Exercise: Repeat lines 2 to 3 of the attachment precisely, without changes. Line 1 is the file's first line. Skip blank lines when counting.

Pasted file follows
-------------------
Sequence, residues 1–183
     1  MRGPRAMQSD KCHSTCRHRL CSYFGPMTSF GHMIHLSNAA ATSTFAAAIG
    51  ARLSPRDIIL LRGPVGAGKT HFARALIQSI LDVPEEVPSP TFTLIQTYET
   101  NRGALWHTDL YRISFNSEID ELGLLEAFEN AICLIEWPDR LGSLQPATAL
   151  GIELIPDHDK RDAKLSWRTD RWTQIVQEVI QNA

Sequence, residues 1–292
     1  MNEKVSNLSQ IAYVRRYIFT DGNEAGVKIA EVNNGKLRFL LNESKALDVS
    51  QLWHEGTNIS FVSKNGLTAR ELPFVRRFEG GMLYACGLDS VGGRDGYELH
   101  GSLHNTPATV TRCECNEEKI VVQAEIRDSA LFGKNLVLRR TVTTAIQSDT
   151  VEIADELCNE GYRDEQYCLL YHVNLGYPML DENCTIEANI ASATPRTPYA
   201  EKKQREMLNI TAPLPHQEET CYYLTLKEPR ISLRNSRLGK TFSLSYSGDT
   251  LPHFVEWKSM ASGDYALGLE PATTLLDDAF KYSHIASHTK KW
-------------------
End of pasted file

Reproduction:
     1  MRGPRAMQSD KCHSTCRHRL CSYFGPMTSF GHMIHLSNAA ATSTFAAAIG
    51  ARLSPRDIIL LRGPVGAGKT HFARALIQSI LDVPEEVPSP TFTLIQTYET